Google’s learning system certainly represents the future of artificial intelligence. The multi-billion company has changed its focus to artificial intelligence and this is bound to compel the world to change as well. Both Apple and Google have become very ambitious and really looking to grow, thanks to the man Elon Musk.
Currently, Musk’s Tesla is worth more than Mitsubishi, Mazda, and Suzuki combined, and only 25 per cent fewer than General Motor and Ford. Think about it for a second. Tesla produces less than 100,000 cars a year while the three car makers manufacture more than 4 million cars annually, yet, the trio is worth around half of Tesla’s value.
The entrance of the tech giants and Tesla will sure scare the hell out of traditional car companies. Notably, the cars and mobility industry is rapidly changing. Even though the car companies mentioned earlier really understand how to make a seamless internal combustion, Tesla’s electric cars comfortably sit on the forefront. Why would Tesla be the first car company to launch an autonomous driving technology that goes beyond a concept?
Most car companies have been operating like established political corporations that are often overwhelmed with bureaucracy—while Apple, Tesla and Google operate like the tech gurus they are, who make things happen at a faster rate and leaner processes.
Whether technology giants or vehicle manufacturers, all these present valuable solutions to issues that concern future mobility—only the perspective differs.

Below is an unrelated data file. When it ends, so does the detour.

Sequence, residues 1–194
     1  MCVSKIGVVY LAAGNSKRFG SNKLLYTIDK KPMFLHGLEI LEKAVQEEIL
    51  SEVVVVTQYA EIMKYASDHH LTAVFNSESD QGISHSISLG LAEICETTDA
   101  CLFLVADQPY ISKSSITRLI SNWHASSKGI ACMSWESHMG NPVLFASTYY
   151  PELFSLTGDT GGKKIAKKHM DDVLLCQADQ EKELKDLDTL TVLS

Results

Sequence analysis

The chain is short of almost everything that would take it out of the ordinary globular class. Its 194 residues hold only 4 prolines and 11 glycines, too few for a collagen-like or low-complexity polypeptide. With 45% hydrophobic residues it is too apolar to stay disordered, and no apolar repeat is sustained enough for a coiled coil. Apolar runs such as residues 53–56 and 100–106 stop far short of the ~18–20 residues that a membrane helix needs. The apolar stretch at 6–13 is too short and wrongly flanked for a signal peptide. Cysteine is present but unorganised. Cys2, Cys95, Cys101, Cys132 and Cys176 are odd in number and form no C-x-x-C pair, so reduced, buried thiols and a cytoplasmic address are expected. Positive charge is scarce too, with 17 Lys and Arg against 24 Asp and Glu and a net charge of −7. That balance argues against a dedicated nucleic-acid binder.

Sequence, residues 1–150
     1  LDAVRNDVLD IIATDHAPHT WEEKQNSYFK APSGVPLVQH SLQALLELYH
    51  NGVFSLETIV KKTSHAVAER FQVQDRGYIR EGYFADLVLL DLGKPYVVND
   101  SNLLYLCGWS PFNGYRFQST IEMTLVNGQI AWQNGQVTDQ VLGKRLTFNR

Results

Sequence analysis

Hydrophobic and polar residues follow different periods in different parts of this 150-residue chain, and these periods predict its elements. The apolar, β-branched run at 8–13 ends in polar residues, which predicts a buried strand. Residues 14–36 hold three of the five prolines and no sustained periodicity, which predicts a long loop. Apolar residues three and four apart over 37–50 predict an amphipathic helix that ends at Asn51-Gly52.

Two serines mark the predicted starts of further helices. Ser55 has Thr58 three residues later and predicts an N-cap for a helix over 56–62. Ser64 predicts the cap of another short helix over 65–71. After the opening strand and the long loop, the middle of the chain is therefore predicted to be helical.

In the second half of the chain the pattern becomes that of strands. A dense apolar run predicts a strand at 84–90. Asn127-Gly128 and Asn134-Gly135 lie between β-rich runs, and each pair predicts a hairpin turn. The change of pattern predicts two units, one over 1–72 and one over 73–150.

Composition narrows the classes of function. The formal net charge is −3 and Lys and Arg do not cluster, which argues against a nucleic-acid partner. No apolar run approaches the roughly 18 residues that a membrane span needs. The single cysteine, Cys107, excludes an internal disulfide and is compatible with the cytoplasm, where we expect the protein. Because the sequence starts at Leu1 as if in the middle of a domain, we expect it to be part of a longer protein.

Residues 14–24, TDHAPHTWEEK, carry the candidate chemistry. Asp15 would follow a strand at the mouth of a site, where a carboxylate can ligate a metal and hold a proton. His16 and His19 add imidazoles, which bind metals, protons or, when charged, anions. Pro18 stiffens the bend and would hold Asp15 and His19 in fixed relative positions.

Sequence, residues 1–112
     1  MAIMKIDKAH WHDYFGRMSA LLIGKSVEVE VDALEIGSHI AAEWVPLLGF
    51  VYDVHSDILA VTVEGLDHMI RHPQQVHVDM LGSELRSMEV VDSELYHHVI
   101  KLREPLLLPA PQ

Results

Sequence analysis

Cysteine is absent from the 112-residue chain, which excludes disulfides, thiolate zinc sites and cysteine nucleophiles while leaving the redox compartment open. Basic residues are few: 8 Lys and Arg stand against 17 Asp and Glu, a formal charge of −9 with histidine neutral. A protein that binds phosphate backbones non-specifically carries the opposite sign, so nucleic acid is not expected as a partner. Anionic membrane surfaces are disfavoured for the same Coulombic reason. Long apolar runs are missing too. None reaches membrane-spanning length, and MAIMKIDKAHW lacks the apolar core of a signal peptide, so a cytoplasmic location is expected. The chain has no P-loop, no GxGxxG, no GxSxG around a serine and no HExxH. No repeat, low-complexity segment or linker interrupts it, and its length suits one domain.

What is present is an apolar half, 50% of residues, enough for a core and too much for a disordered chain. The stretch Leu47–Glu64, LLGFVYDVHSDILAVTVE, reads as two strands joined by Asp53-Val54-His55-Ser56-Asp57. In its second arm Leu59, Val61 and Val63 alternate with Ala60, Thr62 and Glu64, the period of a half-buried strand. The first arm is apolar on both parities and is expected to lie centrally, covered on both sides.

On the other end, Uber and Ford foresee a future with car sharing as the norm, while Nvidia, popular for ensuring beautiful graphics becomes possible, is already making a big deal of the hardware that powers the Tesla Autopilot system and is looking to strategically position itself as the Bosch of modern automotive era by making commoditised vision processing and artificial intelligence systems. The company’s shares have gone up by over 400 per cent in the last 12 months.
Generally, the atmosphere surrounding autonomous car systems is electric. Every auto manufacture is focusing on producing the best system even though they were all at some point surpassed by American upstarts.
Nissan and Volkswagen sure made their biggest deals in their autonomous vehicle technologies in the 2017 CES. Nissan’s man-in-the-middle approach (SAM) concurs that autonomous cars can’t work on their own. They’ll need to be monitored by a human so that in case things go haywire, someone can dial in and direct the car’s artificial intelligence on what to do. Well, that doesn’t make the car autonomous anymore, isn’t it?